Titanium alloy with a low density, high specific strength, corrosion resistance and good process performance, is the ideal structural materials for the aerospace engineering. Based on the microstructure of titanium alloys, it can be divided into α-type titanium alloys (heat-resistant titanium alloys), β-type titanium alloys and α + β-type titanium alloys. The research scopes also include the fabrication technology of titanium alloys, powder metallurgy, rapid solidification technology, and other military and civilian applications of titanium alloys. Titanium and its alloys have become the ideal structural materials used for the fuselage, and accounted for a significant part of the structural quality in most military aircrafts. Titanium’s future market expectations need to be considered in the macro level market. Apart from the supply and demand trends of titanium market, it is necessary to consider the impact of technological innovations that can help to reduce the cost of titanium production. [3]

Production Technology and Applications of Kojic Acid

Kojic acid is produced industrially by Aspergillus species in aerobic fermentation. The production of kojic acid is increasing because of its commercial value in industry. Kojic acid has various applications in several fields. It is widely used in cosmetic industry, medicine, food industry, agriculture and chemical industry. Nowadays, kojic acid plays a crucial role in cosmetic, especially skin care products because it can enhance the ability to prevent exposure to UV-radiation. Kojic acid continues to attract attention because of its economic potential in medical field as an anti-inflammatory drug and painkiller. In food industry, kojic acid is used in post harvest process as an anti-speck and an anti-browning agent for agricultural product. Due to various usage of this organic molecule, the demand of kojic acid has been increasing rapidly. Thus the studies to improve the kojic acid production are still extensively conducted.[4]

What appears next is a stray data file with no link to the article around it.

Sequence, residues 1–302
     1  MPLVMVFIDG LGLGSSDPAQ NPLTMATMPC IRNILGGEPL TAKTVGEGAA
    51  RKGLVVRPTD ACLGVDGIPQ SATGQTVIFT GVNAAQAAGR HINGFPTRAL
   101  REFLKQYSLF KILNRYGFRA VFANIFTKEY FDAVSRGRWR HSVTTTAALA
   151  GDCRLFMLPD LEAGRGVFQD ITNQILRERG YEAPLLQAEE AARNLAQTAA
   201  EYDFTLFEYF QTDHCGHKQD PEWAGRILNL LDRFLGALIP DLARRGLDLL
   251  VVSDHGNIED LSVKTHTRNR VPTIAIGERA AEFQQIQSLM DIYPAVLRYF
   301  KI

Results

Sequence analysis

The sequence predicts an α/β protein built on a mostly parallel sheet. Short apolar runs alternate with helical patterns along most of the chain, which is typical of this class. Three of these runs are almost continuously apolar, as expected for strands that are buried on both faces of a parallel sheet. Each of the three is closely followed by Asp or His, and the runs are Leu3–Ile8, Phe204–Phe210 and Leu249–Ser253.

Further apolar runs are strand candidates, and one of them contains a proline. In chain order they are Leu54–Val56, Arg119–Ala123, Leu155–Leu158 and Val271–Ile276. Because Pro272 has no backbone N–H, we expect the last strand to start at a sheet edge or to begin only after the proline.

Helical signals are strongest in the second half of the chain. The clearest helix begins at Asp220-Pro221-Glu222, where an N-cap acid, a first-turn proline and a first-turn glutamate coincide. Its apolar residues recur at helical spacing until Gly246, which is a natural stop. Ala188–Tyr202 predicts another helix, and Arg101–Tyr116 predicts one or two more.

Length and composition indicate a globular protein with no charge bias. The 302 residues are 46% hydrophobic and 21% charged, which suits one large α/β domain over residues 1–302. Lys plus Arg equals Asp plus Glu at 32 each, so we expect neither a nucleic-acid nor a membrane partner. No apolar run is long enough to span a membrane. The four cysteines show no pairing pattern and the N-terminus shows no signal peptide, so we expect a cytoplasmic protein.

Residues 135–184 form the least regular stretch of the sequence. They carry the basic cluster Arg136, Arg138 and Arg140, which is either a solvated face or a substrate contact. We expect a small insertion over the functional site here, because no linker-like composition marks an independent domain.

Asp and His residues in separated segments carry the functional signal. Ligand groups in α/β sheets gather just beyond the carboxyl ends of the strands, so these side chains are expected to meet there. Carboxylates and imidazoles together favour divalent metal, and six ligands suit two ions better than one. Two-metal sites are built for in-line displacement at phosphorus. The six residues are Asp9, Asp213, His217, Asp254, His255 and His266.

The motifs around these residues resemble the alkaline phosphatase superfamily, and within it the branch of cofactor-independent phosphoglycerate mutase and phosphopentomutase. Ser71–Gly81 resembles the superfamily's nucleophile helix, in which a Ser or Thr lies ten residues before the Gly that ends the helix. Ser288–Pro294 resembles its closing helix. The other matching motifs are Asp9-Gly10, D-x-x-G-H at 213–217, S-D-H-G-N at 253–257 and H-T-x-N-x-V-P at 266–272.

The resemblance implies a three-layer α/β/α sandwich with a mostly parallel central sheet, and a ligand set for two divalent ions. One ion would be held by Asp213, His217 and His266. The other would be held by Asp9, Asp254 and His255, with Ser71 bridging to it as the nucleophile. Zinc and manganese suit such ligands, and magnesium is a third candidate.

Yield Gap Analysis in Adoption of Production Technology of Mango by the Farmers